The immense lawn of the Nelson-Atkins features sculptures of shuttlecocks, designed by Claes Oldenburg and his wife Coosje van Bruggen, which I like even more now that I've learned of their genesis: "They responded to the formality of the original neoclassical building and the green expanse of its lawn by imagining the Museum as a badminton net and the lawn as a playing field. The pair designed four birdies or shuttlecocks that were placed as though they had just landed on opposite sides of the net."

I also love that something I own (albeit in a different color) is on display in a museum. There were a few other iconic pieces of midcentury furniture design in the Nelson-Atkins--you almost want to just have a seat (probably frowned upon).

One of the museum's guestbooks--apparently a lot of people like unicorns.

Later that night we went to another baseball game, although it was rained out a little over halfway through. That is, there was a 2.5 hour rain delay, which we decided to leave about 30 minutes into, assuming the game would be called. They did end up finishing around 1 a.m. And we got soaked in the parking lot trying to find our car.

One of the things the stadium is known for is its fountains, which are turned on at various points throughout the evening.

Thursday, August 12, 2010

What's the matter with Kansas City

I just got into Kansas City this afternoon and have already had an action-packed day--a tasty lunch at YJ's Snack Bar, gorgeous letterpress cards from Hammerpress, window shopping at the craziest midcentury furniture store I've ever seen, the Negro League Baseball Museum, and dinner at Blue Nile Ethopian. (In short, there is nothing the matter with Kansas City...just a silly reference to the Thomas Frank book.) Now I'm off to the Yankee game that was the impetus for this short vacation--action-packed!--so I bid you adieu with some photos from my day.

Wednesday, August 11, 2010

Touring Russel Wright's home

Saturday we also went to the Russel Wright Design Center in Garrison to tour the grounds and interior of Manitoga, the one-time home of renowned mid-century designer Russel Wright. Wright designed fabrics and furniture but he's best known for his line of ceramics, which is still in production today.

The tour guide* insisted that we weren't getting the full experience because the water level was so low and there was no waterfall due to the lack of rain. And because the hemlock trees are dying. But I thought the whole place was pretty amazing-looking. So imagine what it might look like when conditions are perfect.

Even though it looks very natural, everything has been carefully, painstakingly placed, from the trees to the rocks, to the moss. The moss, especially, is lovely, with areas completely covered in it (called "moss rooms," apparently).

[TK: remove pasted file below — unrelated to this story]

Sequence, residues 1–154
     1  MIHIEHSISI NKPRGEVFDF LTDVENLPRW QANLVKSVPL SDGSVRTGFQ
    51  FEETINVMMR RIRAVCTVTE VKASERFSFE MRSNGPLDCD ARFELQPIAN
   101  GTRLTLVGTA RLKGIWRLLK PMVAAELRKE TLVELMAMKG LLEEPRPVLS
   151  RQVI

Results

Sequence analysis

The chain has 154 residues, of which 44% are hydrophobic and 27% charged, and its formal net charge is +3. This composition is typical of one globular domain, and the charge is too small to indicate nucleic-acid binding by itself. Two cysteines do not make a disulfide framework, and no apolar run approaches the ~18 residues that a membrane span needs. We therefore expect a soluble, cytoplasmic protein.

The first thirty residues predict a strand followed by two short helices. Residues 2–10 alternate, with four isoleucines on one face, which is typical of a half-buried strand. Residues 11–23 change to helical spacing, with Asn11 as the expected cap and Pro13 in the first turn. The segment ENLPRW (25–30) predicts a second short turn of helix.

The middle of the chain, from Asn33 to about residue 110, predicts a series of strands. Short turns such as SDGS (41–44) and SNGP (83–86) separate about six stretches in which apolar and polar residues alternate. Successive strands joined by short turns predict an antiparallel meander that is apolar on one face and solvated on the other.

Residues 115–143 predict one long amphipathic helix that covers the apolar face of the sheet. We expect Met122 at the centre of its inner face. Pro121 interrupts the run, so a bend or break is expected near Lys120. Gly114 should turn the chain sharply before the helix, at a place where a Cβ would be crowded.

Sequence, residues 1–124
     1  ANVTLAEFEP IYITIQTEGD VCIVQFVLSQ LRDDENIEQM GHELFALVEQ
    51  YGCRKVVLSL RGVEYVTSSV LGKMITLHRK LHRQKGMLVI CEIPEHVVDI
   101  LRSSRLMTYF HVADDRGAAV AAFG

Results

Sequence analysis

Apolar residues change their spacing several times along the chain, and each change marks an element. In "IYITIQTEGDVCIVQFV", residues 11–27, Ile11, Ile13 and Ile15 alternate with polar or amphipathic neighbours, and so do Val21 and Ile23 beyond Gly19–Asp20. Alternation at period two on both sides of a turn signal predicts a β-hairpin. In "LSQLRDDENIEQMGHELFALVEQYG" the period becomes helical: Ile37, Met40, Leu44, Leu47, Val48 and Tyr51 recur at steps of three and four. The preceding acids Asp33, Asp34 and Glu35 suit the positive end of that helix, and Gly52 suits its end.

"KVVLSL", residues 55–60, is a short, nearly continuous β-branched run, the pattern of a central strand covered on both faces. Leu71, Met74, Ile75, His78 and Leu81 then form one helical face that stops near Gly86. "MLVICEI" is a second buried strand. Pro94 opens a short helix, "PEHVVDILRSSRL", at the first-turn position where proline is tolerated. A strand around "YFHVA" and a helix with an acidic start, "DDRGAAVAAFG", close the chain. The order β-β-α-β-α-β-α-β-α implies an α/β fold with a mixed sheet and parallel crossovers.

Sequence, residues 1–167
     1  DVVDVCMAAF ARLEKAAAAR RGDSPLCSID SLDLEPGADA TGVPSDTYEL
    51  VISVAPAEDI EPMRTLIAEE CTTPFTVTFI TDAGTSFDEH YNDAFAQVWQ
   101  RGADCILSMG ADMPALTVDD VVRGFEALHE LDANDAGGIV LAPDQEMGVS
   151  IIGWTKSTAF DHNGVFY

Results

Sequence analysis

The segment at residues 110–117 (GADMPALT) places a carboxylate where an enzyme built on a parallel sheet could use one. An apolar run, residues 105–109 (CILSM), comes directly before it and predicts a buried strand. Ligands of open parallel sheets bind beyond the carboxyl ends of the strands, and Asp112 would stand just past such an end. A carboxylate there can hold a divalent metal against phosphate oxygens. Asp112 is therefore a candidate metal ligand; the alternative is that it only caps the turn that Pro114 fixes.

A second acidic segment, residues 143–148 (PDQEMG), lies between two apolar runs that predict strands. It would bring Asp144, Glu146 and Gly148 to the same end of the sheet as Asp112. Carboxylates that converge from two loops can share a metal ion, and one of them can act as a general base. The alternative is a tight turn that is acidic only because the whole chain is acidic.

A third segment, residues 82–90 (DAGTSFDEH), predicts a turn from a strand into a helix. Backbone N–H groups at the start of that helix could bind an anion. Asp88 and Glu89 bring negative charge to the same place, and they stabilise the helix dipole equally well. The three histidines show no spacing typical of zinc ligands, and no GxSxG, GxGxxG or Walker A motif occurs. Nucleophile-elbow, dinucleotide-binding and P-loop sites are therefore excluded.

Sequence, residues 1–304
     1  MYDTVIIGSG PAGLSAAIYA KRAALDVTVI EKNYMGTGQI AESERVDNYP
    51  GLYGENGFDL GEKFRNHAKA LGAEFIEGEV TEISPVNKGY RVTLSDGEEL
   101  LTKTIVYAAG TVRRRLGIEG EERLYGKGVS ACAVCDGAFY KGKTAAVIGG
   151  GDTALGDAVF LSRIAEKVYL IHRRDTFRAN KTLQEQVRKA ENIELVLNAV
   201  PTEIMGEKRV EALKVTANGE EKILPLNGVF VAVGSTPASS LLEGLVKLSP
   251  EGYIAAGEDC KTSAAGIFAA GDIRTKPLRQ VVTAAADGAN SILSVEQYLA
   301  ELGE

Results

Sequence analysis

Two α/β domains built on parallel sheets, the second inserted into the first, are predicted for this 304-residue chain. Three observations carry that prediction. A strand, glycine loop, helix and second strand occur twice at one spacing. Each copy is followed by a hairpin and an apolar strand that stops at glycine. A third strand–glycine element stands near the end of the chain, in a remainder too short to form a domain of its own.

The dying hemlock trees. (At least they make for really cool pictures.)

A couple of outdoor chairs for relaxing and taking in the views.

Here's the kitchen of the main house, of course outfitted with a variety of Russel Wright ceramics. I realized that we didn't really get any decent shots of the inside of the house, so I recommend taking a look at this flickr set to get a sense of how crazy it is in there. The floors are made of stone. There's a tree growing inside! And now I totally want to grow plants on the roof of my future house.

The real highlight of the tour for me, though, was the studio, where Wright actually spent most of his time. I loved just about everything about it, especially how the windows open out to ground level. The overall design is simple, clean, and beautiful. It felt very peaceful in there.

A gorgeous bedspread. I would love to wake up and look out those windows. The bookcase might be my favorite feature, though you'll have to check the flickr set for a photo.

I don't really need any new dishes but after looking at all those lovely ceramics I kind of want to buy a few. Maybe a pitcher or a lidded bowl of some kind. We'll see.

*I feel the need to mention that our tour guide was a tall, tan, bleach blonde woman wearing a rhinestone-bedecked Stooges baby doll shirt. She brought along her ten-year-old (estimating here) daughter, who wore a matching Stooges shirt and purple zebra print leggings. They were awesome.

Tuesday, August 10, 2010

Revisiting Mount Beacon

Last year we thought it would be fun to hike up to the top of Mount Beacon...only to find that it is a very steep one-mile climb. We made it anyway, but it was pretty grueling.

A year later, we decided to try it again. It was still pretty hard, but not nearly as brutal as it had seemed back then. Either we were just more mentally prepared, or we're actually a little more in shape than we were.

Here's a shot of the railroad ties at the bottom. See last year's post for a bit more of the history of the Mount Beacon Incline Railway.

You know you're at the top when you see the wheel house.

(As you can see, I'm posting a mix of my photos and Dave's photos. He was testing out some new lenses and film for his Hipstamatic app. )

Back on flat land. I took a photo of this same building last year, only this time the fire escape was making such an awesome shadow.

I kind of cringed when I noticed a sign posted near Beacon Falls advertising future development. It seems that pretty soon the crumbling turn of the century structures will be converted into a luxury spa, hotel, and restaurant. See this post from about a year and a half ago for more pictures of the falls--pretty soon it won't look like that any more. Some people might disagree with me that that's a bad thing, but there's something a bit magical about this place just as it is. It's one of the things I loved about Beacon the first time I set foot there. If you peek into one of the windows in the "roundhouse" building as they call it, you can see trees growing inside. I'm sure it's totally dangerous to go in there but I would much prefer that to a fancy hotel.

There's such a brief window of time when a place can really be awesome, after a bunch of creative people go there and make it cool, but before people with money take notice and descend upon that place to capitalize on the awesome.

I'm sure I'll still love it there. No luxury spas for me though.